- 2011, Michael Hoey: 70/1/31/54/66/MC/MC/34/MC/52/48/MC
- 2010, Martin Kaymer: 34/MC/28/12/8/21/6/MC/7/22/1/1
Event Form. Going back to 2010, nearly half of the winners had fairly tangible form here – in fact Kaymer, Wilson and Olesen had all finished runner-up in this event previously in their respective careers and Hatton was defending champion in 2017. David Howell had 4 top-8 finishes from 12 starts here prior to winning and clearly also enjoys the format. Hoey, Grace, Hatton (in 2016) and Bjerregaard on the other hand would have been very difficult to pick out simply by eyeballing their previous efforts at the Alfred Dunhill Links:
- 2018, Lucas Bjerregaard: 32/MC/MC/MC
- 2017, Tyrrell Hatton: MC/MC/1
- 2016, Tyrrell Hatton: MC/MC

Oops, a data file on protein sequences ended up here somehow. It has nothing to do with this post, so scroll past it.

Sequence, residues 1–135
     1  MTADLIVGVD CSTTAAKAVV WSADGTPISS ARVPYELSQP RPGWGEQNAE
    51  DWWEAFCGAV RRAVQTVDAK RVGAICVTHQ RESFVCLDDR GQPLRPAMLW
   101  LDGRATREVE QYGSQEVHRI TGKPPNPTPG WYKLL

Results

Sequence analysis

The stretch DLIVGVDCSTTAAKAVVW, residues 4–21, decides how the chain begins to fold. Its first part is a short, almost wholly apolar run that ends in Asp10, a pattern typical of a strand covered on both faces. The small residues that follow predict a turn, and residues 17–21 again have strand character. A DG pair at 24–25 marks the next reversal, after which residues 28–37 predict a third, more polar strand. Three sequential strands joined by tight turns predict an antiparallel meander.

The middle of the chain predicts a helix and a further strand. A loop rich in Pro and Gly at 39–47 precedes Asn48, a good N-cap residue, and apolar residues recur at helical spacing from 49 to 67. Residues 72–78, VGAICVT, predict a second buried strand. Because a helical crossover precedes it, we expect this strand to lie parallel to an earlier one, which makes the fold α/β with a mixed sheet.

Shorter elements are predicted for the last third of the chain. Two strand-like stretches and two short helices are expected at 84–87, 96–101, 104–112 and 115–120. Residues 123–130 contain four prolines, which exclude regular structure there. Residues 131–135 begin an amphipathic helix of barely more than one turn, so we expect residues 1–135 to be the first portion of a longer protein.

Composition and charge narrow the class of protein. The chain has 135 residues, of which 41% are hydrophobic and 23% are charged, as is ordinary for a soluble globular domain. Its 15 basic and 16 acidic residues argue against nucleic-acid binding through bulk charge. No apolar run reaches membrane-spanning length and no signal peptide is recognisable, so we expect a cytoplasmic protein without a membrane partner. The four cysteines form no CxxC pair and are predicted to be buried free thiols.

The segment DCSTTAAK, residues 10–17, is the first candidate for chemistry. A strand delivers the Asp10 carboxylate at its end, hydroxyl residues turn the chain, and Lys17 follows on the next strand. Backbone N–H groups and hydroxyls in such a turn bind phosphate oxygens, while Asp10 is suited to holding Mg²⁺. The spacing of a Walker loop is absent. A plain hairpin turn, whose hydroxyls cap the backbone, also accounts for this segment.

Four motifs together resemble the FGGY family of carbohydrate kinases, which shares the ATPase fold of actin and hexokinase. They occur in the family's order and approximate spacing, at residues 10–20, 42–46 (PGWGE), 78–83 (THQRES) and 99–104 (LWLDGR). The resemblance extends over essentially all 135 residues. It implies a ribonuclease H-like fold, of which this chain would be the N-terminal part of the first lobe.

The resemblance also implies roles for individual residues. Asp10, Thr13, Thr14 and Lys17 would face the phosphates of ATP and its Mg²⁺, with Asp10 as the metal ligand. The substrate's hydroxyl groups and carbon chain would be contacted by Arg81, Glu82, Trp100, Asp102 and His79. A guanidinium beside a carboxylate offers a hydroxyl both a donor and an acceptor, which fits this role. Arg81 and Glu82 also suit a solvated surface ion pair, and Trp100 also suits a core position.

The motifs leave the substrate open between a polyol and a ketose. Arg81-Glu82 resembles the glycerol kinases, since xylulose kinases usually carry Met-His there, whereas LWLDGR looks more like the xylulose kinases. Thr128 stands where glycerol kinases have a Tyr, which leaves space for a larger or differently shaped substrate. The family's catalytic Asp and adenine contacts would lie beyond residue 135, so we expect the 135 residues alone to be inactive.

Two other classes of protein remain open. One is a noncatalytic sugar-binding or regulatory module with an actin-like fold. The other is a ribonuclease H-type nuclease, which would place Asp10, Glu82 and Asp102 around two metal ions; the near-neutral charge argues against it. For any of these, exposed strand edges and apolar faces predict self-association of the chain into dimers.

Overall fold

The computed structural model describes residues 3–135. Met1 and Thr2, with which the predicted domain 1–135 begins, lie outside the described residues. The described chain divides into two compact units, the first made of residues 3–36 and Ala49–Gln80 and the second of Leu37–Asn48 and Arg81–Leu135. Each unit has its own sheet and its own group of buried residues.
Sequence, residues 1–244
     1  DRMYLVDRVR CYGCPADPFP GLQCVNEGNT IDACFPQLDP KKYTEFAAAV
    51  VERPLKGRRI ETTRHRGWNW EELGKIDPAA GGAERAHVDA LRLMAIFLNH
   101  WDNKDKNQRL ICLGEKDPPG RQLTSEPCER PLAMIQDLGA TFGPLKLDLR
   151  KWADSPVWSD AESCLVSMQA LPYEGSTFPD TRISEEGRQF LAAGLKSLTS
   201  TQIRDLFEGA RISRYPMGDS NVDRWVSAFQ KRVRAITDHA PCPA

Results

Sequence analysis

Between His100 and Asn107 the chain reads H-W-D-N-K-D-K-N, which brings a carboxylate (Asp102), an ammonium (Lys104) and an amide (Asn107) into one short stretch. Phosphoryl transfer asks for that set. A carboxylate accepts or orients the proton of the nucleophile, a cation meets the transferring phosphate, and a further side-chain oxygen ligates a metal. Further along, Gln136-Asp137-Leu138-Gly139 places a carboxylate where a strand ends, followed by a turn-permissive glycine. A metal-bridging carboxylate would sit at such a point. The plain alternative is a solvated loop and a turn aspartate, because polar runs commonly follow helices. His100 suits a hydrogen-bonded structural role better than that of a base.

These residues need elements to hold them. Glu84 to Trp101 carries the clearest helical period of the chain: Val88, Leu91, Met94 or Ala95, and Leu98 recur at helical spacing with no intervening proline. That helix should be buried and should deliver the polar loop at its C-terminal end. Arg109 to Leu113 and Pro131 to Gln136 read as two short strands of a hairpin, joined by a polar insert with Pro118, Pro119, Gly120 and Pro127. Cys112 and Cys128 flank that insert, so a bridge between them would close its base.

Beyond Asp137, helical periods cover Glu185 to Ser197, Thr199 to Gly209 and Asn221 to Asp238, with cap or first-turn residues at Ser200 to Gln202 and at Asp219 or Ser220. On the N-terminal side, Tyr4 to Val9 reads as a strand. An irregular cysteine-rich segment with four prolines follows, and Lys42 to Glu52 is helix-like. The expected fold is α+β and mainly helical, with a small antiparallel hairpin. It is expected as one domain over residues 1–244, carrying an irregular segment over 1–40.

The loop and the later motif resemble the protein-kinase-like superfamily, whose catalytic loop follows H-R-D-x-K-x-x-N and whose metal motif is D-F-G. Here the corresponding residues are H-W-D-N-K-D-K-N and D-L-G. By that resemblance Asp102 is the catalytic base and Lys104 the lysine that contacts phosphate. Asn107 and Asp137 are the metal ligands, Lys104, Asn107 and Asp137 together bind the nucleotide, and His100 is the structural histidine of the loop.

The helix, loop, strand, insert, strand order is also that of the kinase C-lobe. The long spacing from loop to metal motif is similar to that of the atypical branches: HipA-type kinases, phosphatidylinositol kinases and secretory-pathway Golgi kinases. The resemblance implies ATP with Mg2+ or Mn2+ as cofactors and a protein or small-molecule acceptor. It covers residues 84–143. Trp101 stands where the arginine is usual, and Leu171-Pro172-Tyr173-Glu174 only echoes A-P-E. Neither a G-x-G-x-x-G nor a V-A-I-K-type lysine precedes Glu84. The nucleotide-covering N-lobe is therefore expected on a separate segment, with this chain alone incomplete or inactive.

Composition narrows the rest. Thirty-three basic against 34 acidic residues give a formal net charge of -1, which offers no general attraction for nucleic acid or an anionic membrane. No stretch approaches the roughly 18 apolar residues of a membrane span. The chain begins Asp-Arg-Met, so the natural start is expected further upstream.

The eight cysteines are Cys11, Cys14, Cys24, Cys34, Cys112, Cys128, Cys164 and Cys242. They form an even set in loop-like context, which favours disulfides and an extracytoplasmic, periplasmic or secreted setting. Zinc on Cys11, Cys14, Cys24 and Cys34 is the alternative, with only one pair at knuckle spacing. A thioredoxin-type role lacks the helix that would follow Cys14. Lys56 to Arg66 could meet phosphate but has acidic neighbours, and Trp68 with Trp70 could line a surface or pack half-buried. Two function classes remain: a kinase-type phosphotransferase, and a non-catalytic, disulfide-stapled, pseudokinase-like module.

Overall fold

- 2015, Thorbjorn Olesen: 45/2/MC/58
- 2014, Oliver Wilson: MC/32/MC/40/2/MC/21/34/59
- 2013, David Howell: 3/58/6/5/37/MC/MC/60/MC/8/MC/34
- 2012, Branden Grace: MC
- 2011, Michael Hoey: MC/19/MC
- 2010, Martin Kaymer: 15/2
In years where conditions have been tougher, it’s been players who’ve featured towards the top of the GIR stats on the week who’ve tended to prevail, and with conditions looking less favourable this week I’ll use that as my starting point for this week’s team. This is links golf though so a strong short game is also of value and contenders will need to bring all aspects of their game this week if they’re going to compile a competitive total.
Excellent previous event form isn’t absolutely essential, however sticking relatively close to the trends highlighted a little further above helps narrow this large field down to a few suitable players.
My selections are as follows: